Table 7 Phytochemical screening of aqueous crude extracts and solvent fractions of Thymus serrulatus leaves
Notes: +, present; −, absent.
Numerous mono- and polyherbal preparations are used as diuretics. There are also a number of studies that have been carried out to support the diuretic effects of many traditional herbal medicines.14 Thyme tea is consumed for the management of both renal diseases and hypertension, and the tea is prepared by soaking the fresh leaves of T. serrulatus in warm water, following which the filtrate is drunk.15 The in vitro vasodilatory activity of the aqueous crude extract in both intact and denuded guinea pig aorta was reported by Geleta et al.6 On the other hand, the acute and subchronic toxicity study reported that the aqueous crude extract has LD50 >10 g/kg and was safe in mice.13 However, there is no scientific report on the diuretic activity of the plant. In view of these facts, the present study attempted to corroborate the diuretic effect of the crude aqueous extract of the leaves of T. serrulatus and its solvent fractions at different doses.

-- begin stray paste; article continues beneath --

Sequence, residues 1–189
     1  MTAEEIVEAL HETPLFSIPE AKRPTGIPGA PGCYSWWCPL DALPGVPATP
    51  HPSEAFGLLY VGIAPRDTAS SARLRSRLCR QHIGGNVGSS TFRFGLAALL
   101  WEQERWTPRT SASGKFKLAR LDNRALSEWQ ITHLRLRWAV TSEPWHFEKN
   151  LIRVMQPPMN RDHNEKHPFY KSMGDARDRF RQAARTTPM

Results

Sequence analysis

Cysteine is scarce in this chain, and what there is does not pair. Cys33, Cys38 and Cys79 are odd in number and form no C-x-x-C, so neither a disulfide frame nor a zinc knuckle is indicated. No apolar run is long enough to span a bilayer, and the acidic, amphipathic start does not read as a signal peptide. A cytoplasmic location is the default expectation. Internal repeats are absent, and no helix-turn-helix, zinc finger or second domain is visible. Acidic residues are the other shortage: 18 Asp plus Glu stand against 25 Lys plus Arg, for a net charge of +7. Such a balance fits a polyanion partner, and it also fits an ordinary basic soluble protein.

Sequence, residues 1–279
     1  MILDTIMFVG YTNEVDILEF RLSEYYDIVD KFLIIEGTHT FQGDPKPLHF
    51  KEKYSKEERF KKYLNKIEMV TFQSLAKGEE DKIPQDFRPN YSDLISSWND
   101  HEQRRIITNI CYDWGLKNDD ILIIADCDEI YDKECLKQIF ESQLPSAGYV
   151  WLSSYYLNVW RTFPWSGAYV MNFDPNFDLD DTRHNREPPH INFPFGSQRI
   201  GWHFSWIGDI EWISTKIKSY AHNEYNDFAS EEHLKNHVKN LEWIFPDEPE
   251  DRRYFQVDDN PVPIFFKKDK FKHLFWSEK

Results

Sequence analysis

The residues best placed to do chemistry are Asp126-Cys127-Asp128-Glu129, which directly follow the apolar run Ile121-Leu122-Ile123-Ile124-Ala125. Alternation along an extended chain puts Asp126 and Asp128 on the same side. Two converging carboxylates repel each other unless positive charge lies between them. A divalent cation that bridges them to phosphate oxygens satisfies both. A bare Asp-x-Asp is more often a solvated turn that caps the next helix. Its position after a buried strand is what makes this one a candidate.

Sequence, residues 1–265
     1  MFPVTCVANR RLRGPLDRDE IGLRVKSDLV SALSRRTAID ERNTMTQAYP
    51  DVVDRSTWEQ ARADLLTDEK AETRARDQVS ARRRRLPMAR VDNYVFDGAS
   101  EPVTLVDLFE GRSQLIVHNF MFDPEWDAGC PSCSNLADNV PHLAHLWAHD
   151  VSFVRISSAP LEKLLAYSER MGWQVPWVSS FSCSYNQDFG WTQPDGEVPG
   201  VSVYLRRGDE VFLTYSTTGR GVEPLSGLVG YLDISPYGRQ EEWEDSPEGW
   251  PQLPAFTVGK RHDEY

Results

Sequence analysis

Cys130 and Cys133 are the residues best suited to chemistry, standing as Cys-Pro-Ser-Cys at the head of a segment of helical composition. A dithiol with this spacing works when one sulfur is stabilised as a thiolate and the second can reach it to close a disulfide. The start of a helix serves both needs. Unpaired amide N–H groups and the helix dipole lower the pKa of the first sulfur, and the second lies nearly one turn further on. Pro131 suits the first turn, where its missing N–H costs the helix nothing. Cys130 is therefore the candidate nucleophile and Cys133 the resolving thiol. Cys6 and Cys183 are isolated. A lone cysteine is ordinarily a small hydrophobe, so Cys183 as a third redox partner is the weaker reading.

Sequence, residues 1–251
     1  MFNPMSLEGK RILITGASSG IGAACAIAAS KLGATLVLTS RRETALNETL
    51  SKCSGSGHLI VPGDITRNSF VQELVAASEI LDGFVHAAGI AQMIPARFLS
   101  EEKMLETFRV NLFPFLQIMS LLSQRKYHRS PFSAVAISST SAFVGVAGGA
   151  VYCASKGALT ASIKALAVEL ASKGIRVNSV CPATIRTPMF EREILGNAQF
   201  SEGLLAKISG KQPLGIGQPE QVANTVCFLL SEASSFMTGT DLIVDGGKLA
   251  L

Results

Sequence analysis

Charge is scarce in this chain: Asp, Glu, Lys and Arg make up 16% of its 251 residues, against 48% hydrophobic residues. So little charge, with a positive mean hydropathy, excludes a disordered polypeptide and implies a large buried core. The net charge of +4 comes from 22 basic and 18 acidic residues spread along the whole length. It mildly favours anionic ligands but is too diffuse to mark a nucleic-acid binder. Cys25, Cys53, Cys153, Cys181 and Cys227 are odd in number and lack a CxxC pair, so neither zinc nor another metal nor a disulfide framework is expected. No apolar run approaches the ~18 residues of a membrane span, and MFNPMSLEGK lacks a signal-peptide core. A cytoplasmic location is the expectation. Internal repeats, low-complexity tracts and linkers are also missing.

The outcome of the present study implies that the crude aqueous extract of the leaves of T. serrulatus and its n-butanol fraction both have a diuretic action at all doses, further substantiating its use for hypertension. The results also illustrate that the aqueous crude extract and the n-butanol fraction increased urinary excretion of both sodium and potassium significantly.
The Na+/K+ ratio can predict the nature of the diuretic mechanism.16 A Na+/K+ ratio of >1 indicates a satisfactory diuresis without excessive urinary potassium loss.17 The plant material does not seem to be a potassium sparing diuretic as the Na+/K+ ratio in all cases was found to be >1.